We high tailed it back to a paved road in fear that if it started raining, we’d likely get stuck in the mud/clay the road quickly became when wet. We decided to go check out Little Wild Horse Canyon, the most popular canyon in the area, the storm looked like it was rolling south past us. There is a reason it’s the most popular canyon, it is absolutely beautiful and as narrow as your foot in some sections, without requiring any technical gear. We hiked the whole canyon before turning around, which in hindsight, we probably would have pushed through and connected Bell Canyon, but we weren’t sure how many extra miles that would add.

Our next adventure to the area, we came prepared to explore canyons with a little more technical aspects. We brought our canyoneering gear and Rufio’s new harness that allows him to rappel and be lowered, and camped at a beautiful secluded site on the way out to the canyons. The spot we found had a handful of really cool tunnels that we explored, they reminded me of gothic cathedrals, very unique and beautiful. For dinner, we made the most delicious pasta dinner, played a couple rounds of Sorry, and went to bed early in anticipation of a very early morning and a long day on the trail.

I woke up around 5:30AM and headed straight for the trail head while Sean and Rufio stayed asleep in bed, or at least they tried to sleep. Getting back to the paved road was hysterical, it was so bumpy and because it was still pitch black it was impossible to see all the bumps and divots in the road, which resulted in Sean and Rufio literally flying around in the back while I cried laughing so hard and exclaiming “Sorry!” every few feet. As I drove to the trail head, I saw only a few little field mice scurry across the road, avoiding death for surely only the first of many times that day. At the parking lot, we made oatmeal, packed out bags and set out to loop Little Wild Horse + Bell Canyons. Little Wild Horse was just as cool the second time around, Bell left a lot to be desired, but these are non technical canyons, so I should have expected that it would be underwhelming- still pretty though!

We completed the LWH-Bell Loop much earlier than anticipated, getting back to the van right around noon. We decided to finally go check out the actual Goblin Valley, and when we got there we were totally blown away, it is so cool! It’s a large open valley, filled with all different size and shape hoodoos, aptly named ‘goblins’ that you are free to roam + explore around. It is like a giant playground for all ages. We were feeling adventurous, so we grabbed our packs and took off for the area behind the valley. We had no idea there are rappels and a lair you can explore, so you can bet that we will be getting back there asap.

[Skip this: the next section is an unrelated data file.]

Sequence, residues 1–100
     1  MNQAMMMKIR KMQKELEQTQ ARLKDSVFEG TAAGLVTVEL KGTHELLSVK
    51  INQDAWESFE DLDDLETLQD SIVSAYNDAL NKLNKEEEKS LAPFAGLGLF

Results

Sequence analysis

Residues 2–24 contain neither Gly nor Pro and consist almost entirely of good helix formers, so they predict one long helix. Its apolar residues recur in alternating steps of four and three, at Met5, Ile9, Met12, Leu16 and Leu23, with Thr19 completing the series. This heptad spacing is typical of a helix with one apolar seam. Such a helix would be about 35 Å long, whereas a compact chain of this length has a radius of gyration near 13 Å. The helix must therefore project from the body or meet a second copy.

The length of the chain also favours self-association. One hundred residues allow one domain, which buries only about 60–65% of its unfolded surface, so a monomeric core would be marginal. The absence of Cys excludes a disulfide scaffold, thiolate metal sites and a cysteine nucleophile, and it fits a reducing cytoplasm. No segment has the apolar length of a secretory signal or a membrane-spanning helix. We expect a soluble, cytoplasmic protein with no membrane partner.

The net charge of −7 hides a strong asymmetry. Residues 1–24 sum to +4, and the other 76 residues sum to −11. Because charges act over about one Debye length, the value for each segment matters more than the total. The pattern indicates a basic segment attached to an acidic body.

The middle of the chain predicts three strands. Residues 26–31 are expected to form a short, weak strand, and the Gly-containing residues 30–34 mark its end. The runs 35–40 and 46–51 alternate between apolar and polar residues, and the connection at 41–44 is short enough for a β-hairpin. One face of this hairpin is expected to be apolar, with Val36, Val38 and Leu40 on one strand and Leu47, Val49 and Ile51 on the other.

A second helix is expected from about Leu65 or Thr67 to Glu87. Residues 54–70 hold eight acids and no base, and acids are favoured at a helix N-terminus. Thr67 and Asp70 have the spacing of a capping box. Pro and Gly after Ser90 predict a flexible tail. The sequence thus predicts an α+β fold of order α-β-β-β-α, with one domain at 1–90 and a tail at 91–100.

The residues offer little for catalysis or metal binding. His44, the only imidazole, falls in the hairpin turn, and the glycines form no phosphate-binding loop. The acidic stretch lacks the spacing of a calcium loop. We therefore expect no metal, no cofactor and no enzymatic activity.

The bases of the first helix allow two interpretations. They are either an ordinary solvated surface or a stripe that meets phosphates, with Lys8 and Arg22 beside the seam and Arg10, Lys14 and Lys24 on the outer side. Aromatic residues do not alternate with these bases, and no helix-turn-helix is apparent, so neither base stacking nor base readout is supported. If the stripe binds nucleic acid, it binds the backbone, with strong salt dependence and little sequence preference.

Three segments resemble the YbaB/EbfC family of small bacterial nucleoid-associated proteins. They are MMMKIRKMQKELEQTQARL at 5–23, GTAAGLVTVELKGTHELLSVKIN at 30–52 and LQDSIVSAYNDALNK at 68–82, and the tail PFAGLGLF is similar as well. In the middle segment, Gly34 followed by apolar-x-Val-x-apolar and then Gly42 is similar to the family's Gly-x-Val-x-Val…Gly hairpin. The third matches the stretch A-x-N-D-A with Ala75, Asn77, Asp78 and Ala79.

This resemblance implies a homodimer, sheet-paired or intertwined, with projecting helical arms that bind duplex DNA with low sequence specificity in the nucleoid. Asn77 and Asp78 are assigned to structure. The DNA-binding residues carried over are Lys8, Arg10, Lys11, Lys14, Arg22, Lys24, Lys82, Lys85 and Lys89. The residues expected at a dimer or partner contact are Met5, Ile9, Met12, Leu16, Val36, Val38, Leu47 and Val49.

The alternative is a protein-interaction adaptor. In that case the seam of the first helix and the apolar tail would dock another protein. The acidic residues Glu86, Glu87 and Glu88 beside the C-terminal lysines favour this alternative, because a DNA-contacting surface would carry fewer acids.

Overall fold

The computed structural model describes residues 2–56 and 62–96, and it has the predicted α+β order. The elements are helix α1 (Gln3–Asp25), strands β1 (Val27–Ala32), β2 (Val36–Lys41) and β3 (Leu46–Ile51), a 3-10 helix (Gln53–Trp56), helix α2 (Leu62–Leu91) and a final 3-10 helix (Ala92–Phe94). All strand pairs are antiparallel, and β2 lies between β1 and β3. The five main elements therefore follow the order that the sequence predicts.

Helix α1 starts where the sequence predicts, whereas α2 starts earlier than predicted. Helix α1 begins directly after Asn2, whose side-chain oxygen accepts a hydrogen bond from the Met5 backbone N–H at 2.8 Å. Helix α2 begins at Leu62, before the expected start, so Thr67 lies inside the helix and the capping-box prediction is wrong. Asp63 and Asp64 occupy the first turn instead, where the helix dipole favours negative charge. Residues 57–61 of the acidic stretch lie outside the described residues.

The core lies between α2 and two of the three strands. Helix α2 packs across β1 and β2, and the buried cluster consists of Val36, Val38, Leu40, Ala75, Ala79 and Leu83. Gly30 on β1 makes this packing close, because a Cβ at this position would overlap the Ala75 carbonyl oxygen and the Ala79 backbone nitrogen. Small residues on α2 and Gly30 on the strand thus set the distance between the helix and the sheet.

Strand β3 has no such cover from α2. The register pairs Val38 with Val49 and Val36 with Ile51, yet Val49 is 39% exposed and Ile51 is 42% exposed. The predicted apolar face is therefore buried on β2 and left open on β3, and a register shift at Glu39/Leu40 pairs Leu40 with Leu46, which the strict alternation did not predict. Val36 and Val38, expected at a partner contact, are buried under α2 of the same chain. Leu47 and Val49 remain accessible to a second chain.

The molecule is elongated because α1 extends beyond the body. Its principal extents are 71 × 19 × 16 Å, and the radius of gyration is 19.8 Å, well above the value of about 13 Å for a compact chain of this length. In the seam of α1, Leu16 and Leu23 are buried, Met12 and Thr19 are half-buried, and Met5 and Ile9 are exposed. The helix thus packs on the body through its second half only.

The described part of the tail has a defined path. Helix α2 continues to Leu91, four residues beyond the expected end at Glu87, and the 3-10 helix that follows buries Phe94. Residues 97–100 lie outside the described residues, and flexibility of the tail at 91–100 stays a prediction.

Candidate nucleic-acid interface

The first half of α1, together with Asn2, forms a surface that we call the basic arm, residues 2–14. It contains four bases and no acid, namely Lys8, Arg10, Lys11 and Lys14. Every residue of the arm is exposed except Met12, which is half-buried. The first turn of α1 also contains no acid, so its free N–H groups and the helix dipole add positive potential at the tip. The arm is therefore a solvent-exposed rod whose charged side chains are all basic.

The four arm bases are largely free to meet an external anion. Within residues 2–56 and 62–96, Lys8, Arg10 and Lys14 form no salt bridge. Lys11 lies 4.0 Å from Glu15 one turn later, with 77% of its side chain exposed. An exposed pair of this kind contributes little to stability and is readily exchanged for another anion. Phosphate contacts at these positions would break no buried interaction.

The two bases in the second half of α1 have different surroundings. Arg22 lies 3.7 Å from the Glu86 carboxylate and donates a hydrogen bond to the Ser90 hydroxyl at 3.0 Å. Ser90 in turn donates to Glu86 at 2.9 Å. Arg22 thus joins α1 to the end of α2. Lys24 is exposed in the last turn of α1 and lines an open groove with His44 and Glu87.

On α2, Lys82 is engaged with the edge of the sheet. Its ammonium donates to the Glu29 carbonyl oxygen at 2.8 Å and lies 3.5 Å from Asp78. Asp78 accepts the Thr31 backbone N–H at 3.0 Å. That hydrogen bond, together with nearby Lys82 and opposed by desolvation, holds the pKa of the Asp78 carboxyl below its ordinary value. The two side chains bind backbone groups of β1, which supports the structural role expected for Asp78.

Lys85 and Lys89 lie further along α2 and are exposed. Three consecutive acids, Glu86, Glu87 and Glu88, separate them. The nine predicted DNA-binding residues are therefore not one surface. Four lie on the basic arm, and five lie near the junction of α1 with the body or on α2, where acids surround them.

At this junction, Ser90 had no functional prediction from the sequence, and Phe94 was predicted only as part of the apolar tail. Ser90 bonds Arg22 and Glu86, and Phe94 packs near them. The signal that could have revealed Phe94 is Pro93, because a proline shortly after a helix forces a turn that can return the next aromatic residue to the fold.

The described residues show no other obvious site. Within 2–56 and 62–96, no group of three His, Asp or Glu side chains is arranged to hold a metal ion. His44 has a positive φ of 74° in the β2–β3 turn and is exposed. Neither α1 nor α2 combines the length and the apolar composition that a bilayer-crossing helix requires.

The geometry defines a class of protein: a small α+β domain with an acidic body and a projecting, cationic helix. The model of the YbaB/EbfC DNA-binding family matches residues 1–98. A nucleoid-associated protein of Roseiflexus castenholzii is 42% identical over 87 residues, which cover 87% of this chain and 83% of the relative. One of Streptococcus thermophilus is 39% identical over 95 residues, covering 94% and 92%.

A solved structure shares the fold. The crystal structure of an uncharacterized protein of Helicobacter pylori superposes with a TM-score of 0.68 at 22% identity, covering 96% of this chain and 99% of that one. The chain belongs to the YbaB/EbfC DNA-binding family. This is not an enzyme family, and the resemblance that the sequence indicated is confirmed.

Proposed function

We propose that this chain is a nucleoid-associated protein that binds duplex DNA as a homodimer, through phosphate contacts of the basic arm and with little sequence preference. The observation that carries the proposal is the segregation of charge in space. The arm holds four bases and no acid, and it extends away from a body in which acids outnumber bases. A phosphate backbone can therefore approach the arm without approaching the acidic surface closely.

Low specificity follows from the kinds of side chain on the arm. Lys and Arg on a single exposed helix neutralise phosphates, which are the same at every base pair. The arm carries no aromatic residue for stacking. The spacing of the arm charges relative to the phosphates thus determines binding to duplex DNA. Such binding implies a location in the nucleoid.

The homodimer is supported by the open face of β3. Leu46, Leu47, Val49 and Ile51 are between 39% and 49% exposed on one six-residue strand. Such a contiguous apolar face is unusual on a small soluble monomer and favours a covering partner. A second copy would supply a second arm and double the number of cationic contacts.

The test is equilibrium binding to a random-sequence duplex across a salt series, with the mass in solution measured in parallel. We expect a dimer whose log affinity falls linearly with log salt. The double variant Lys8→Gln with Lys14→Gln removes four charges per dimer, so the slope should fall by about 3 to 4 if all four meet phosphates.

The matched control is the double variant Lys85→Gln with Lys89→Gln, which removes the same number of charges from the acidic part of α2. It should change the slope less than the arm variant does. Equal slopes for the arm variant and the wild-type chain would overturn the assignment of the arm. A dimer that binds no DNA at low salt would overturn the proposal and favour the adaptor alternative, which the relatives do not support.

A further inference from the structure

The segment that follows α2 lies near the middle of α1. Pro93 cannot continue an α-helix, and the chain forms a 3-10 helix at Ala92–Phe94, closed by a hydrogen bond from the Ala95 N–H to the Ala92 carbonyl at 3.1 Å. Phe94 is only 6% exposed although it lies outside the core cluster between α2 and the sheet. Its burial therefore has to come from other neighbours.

We planned to stay for sunset, but the wind picked up and 30MPH gusts started pelting us with sand, making it difficult to just open our eyes, so we figured we oughtta go find a hidden spot to cook and sleep for the night. We were planning on doing Ding + Dang canyons in the morning and wanted to camp nearby, but since the wind was blowing so hard, and we weren’t sure if a storm would roll in with it, and we opted to camp at a convenient place where rain wouldn’t trap us. I woke up at 5AM, took note of the lack of wind and wet ground, and proceeded towards the canyons. The road to the canyons followed a sandy wash and all along the way we found free campsites for future use. Ding + Dang are low key technical canyons, with hand-lines in place for you, but since we have Rufio, and he doesn’t have hands LOL we had to bring our gear, a rope, and Rufio’s harness so we could lower or rappel with him. The canyons were beautiful, you ascend Ding and descend through Dang, and between the two is Ding Dang Dome, which tbh, I just love to say. Ding was fairly easy, we just hoisted Rufio over all the large boulders that could be easily climbed by humans, a few times Rufio even surprised us by jumping or stemming without any assistance. Pretty quickly into Dang, we had to pull out the rope and lower Rufio down a few 20 foot drops before a 40 foot dryfall, all within the first quarter-mile of the canyon, we knew we were in for some real fun ahead! The obstacles were fun and easy for us, but having Rufio with us added problem-solving, a sense of adventure, and some real challenges to overcome. Once we made it to the end, we had a little celebration and hung out for a bit before heading back to the van for lunch. We were tired and happy and starving- we didn’t bring lunch because we thought we’d be done before noon, but we didn’t calculate how much time each of the 12+ obstacles would take, so we didn’t get to the van until after 1:30PM. We collapsed once back at the van, made PB+J sandwiches, and then loaded up and headed back for Moab, planning on our next trip back all along the way.